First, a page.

Republicans unveiled their long-awaited legislation to repeal and replace the Affordable Care Act, proposing to phase out key parts of the law over several years as they try to break through a stalemate between moderates and conservatives in their party.
Called the American Health Care Act, House Republicans’ proposal includes a refundable, age-based tax credit to help people buy insurance. It also ends a requirement to have coverage, and would eventually eliminate many taxes used to fund the 2010 law. Other changes, like a wind-down of an expansion of Medicaid, are phased in over a period of years.
It’s not clear whether the proposal can win the support of House conservatives or clear the Senate, where Republicans possess a razor-thin margin and are relying on a fast-track legislation procedure full of limitations. There’s also been little involvement from President Donald Trump, who has eschewed detailed policy proposals in favor of tweets and broad promises about better healthcare for less money.
Yet seven years after Republicans began promising repeal, the proposal is the most comprehensive look yet at how the GOP will approach replacing the health law, which brought coverage to an estimated 20 million people. Republicans have blamed the ACA for rising insurance premiums and high out-of-pocket costs, and criticized its requirement that everyone have health insurance or pay a penalty.
The proposal released Monday night represents an attempt to appease different factions within the party. While conservatives have pushed for full, immediate repeal, one concern among some moderates is that too-sudden changes would toss people out of coverage right away, particularly those in Medicaid, the federal-state program for the poor that was expanded under the Affordable Care Act.
“It looks like they’ve moved toward a better transition period, more flexibilities for the governors and ability for the Medicaid expansion population to have the assurance that they’re not going to be left out in the cold,” said Sen. Shelley Moore Capito, (R-WV), who had threatened not to support the proposal if Medicaid wasn’t addressed. “It’s moving in the right direction.”
House Speaker Paul Ryan said in a statement the plan is designed to “drive down costs, encourage competition and give every American access to quality, affordable health insurance.”
Two House committees will start work on moving it forward on Wednesday. Key provisions include:
- Providing an advanceable, refundable tax credit to help buy insurance for individuals, that phases out for people making more than $75,000 ($150,000 for a couple filing jointly). The credit starts at $2,000 per person and grows to $4,000 with age. A family can get as much as $14,000 in total.
- Immediately ending a requirement that individuals have insurance coverage and another rule that requires some businesses to offer coverage to their workers.
- Expanding the allowable size of healthcare savings accounts that can be coupled with high-deductible insurance plans—up to $6,550 for an individual or $13,100 for a family.
- Winding down Obamacare’s expansion of Medicaid, changing it to a per-capita system in which states are given a set amount for the number of people in categories including the disabled, elderly, childless adults and pregnant mothers.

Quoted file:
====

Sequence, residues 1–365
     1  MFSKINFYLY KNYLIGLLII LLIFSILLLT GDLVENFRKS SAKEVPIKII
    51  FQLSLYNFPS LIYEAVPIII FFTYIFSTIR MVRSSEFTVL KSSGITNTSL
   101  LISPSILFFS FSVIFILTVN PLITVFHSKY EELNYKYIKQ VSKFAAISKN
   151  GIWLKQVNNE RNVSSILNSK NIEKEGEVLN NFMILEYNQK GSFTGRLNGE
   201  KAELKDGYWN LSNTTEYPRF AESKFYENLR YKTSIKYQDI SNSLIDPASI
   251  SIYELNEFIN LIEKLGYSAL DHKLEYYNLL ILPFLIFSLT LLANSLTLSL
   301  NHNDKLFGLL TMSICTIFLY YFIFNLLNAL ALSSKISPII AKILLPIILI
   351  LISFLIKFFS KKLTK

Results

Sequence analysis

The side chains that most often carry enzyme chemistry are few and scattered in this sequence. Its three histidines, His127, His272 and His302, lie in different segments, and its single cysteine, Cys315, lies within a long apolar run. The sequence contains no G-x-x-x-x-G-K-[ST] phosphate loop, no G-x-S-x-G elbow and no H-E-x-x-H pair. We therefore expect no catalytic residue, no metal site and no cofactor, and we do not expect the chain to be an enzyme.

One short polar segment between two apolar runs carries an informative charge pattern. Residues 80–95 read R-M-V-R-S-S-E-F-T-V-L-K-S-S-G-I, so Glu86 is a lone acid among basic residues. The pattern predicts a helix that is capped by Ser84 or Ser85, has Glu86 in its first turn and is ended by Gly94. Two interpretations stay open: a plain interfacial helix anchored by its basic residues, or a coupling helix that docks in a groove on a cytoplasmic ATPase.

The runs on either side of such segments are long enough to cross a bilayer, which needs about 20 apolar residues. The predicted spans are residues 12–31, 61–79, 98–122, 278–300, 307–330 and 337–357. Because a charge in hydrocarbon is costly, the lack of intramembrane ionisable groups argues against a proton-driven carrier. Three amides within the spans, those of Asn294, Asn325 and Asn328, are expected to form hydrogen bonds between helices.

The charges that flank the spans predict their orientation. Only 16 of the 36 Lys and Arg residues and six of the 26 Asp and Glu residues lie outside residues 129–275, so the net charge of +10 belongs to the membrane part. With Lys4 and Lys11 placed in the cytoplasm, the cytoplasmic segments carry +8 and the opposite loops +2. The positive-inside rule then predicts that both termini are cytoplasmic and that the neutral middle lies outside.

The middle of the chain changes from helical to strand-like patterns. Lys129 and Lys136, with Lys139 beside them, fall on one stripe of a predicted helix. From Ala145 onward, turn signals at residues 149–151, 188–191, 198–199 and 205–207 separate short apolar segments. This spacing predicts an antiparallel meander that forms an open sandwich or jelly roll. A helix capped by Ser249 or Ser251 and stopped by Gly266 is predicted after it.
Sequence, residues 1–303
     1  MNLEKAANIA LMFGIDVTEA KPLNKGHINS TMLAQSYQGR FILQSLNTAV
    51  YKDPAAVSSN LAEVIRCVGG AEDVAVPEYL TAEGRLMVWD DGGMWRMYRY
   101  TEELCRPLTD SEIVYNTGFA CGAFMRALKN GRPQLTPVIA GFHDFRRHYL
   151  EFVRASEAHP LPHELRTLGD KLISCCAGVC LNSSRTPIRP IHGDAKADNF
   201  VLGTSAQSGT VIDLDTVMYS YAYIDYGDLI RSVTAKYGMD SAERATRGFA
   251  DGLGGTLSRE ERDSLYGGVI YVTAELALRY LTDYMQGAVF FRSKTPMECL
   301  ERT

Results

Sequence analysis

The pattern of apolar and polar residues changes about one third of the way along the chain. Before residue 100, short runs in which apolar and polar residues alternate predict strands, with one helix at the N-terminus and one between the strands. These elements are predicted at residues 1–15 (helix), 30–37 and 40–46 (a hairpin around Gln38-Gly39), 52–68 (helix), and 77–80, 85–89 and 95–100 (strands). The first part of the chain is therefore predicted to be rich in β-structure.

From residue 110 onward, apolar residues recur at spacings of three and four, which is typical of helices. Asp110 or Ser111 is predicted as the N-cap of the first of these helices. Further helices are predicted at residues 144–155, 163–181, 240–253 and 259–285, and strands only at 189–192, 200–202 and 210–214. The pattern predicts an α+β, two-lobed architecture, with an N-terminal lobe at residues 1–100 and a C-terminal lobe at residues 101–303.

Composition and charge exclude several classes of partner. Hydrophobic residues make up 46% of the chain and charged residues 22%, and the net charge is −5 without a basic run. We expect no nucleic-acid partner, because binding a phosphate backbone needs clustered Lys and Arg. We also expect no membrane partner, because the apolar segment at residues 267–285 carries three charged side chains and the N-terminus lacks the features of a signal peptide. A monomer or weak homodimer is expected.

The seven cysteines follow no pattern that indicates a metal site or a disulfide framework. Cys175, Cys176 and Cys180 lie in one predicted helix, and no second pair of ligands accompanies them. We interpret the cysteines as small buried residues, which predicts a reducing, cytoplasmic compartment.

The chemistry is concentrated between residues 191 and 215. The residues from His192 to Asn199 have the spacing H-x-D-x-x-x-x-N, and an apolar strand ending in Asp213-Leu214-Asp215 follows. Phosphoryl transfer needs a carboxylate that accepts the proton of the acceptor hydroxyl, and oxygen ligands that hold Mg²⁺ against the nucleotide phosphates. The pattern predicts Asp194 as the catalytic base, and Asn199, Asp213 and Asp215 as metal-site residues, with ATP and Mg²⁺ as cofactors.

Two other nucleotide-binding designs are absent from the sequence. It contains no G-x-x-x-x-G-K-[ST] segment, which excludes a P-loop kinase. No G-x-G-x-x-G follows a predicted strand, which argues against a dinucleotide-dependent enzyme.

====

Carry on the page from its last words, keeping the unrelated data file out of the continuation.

- Allowing people with pre-existing conditions to buy insurance, but requiring “continuous” coverage to discourage people from buying it only when they get sick. Individuals who go uninsured for longer than a set period face 30 percent higher premiums as a penalty.
Giving states a $100 billion fund over a decade to help lower-income people afford insurance, and to help stabilize state insurance markets. The fund could be used to help lower patients’ out of pocket costs or to promote access to preventive services. Delaying until 2025, instead of permanently repealing, a tax on high-cost health insurance plans.
There was no estimate of how much the bill will cost or how many people it will cover, creating a risk for Republicans as they move forward. The plan for the proposal is that it would be paid for by eventually repealing Obamacare’s expansion of Medicaid, cutting insurance subsidies and by keeping, but delaying, a tax on high-cost insurance plans.
“You want to know it’s fiscally responsible,” said Sen. Bill Cassidy, (R-La.). “You want to know the taxpayer can’t get hosed, without gimmicks, right? And you’d want to know that folks, that President Trump, who said he wants as many people covered, you’d want to see his pledge fulfilled, at a lower cost."
It’s not clear whether the measure can win the support of House conservatives, who have demanded a more complete repeal. Earlier drafts prompted stiff criticism from some who complained that concerns over the cost, size and nature of the tax credits weren’t adequately addressed.
And even with the Medicaid provisions, there are other risks. Two Senate Republicans—Susan Collins of Maine and Lisa Murkowski of Alaska—oppose plans to defund Planned Parenthood that are included in the bill.
Democrats immediately panned the bill, which the GOP had kept out of sight during its drafting.
“Congressional Republicans are leading a desperate forced march to pass a dangerous bill written in secret which few members of Congress have seen, let alone read,” Sen. Ron Wyden (D-Ore.), said in a statement Monday night.
Democrats also argued that people currently covered under Obamacare would be worse off. “The Republican repeal bill would charge them more money for less care,” representatives Frank Pallone of New Jersey and Richard Neal of Massachusetts said in a statement. They are the top two Democrats on the House Energy and Commerce Committee and Ways and Means Committee, respectively.
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